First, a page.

Jared Kushner, President Donald Trump's son-in-law and senior adviser, registered to vote as a woman. News of this comes to light after Wired received evidence that Ivanka Trump's husband checked the box that he was a female on his voter registration form in New York.
According to the report, records from the New York State Board of Elections show that Jared Corey Kushner is a woman. His party affiliation also stated "none declared." The registration date on the form was November 24, 2009.
What was the reason for Jared Kushner registering to vote as a woman? The report presents this very question, listing off different reasons for it. Did Kushner used to be a woman? Did he check the wrong box on the form when he meant to register as a man? Was it a case of someone impersonating him? There's no real answer, but it's believed that the former real estate executive most likely made a mistake when he meant to check the box that he's a male.
The subject of Jared Kushner having to fill out his security clearance forms three times was brought up in the report. He not only failed to specify communications he had with foreign contacts -- especially those regarding Russia -- but dates of his graduate degrees were wrong and his father-in-law's address was omitted. Kushner claimed that his staff hit send on the forms before they were completed.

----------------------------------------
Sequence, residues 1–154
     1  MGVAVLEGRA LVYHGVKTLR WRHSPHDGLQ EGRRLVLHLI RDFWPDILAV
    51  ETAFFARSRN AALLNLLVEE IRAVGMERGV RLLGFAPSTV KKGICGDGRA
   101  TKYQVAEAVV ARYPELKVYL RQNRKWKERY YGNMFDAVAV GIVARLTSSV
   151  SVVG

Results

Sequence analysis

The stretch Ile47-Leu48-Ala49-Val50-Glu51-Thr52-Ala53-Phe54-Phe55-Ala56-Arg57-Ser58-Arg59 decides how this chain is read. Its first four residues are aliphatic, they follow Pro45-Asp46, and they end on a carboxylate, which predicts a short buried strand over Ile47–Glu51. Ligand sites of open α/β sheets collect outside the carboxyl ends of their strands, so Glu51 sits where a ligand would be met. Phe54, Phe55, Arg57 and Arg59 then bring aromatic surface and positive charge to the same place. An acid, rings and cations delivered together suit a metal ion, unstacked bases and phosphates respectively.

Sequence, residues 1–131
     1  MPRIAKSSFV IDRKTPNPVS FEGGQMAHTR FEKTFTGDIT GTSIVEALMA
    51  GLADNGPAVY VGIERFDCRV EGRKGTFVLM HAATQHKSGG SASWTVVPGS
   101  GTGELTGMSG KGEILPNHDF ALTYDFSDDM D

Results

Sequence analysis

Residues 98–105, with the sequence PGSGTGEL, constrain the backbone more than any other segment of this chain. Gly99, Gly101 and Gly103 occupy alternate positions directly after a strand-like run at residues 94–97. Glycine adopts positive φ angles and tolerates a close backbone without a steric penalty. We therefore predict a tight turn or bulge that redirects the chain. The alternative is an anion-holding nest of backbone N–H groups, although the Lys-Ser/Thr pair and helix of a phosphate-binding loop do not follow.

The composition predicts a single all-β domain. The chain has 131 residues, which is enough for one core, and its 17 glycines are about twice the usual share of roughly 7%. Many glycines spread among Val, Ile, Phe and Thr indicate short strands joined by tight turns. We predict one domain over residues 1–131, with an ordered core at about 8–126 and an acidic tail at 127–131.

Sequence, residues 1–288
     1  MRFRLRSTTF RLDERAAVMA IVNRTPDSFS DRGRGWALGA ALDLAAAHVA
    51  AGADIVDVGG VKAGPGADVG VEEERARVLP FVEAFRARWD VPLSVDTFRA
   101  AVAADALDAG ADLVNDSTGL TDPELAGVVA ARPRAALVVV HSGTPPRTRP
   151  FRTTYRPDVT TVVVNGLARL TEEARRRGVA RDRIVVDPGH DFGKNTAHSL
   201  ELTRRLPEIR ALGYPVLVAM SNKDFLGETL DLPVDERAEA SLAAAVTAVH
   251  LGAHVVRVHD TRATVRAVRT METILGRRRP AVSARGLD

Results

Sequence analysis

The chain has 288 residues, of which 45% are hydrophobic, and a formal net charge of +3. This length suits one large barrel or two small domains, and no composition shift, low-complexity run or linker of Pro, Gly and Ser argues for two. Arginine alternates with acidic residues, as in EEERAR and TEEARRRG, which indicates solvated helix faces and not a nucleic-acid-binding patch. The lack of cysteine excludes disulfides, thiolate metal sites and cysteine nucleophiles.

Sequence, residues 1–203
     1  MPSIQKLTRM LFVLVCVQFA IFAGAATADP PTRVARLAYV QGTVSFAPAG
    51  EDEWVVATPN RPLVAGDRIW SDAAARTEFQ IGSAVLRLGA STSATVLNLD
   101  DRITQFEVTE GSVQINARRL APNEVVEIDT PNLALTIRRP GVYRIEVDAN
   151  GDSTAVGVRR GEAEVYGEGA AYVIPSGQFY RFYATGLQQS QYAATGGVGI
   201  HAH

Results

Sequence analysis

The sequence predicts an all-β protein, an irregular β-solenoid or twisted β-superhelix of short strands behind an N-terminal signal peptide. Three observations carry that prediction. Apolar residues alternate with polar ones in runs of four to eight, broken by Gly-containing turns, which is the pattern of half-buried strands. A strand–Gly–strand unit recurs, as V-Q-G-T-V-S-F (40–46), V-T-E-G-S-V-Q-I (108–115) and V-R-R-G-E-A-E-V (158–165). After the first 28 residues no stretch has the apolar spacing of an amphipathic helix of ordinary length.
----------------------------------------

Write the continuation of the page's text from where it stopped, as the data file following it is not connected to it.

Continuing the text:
American Bridge is a liberal opposition research group that was the first to spot Jared Kushner's voter registration mix-up. Spokesman Brad Bainum remarked that the president's trusted senior adviser "can't even fill out the most basic paperwork without screwing it up, so it's a mystery why anyone thinks he's somehow going to bring peace to the Middle East." He adds that it's unlikely anyone else would still have a job in the West Wing after multiple errors on disclosure documents and security clearance forms.
Kushner registered in New York as a female voter https://t.co/3MjoqQM9bd pic.twitter.com/jHg6fWXUK5
— The Hill (@thehill) September 27, 2017
Does the fact that Jared Kushner registered to vote as a woman amount to voter fraud? There's not much chance of that since it doesn't seem intentional, says Loyola Law School professor Justin Levitt. If Kushner knowingly registered as a woman for whatever reason, then it could be deemed voter fraud. However, at the most, it would've had a "negligible effect on the determination of his eligibility, and so wouldn't amount to much anyway," Levitt explains.
The Hill reports that prior to 2009, Kushner's New Jersey voter registration form had the gender filled out as "unknown."
Jared Kushner has yet to comment on the issue.
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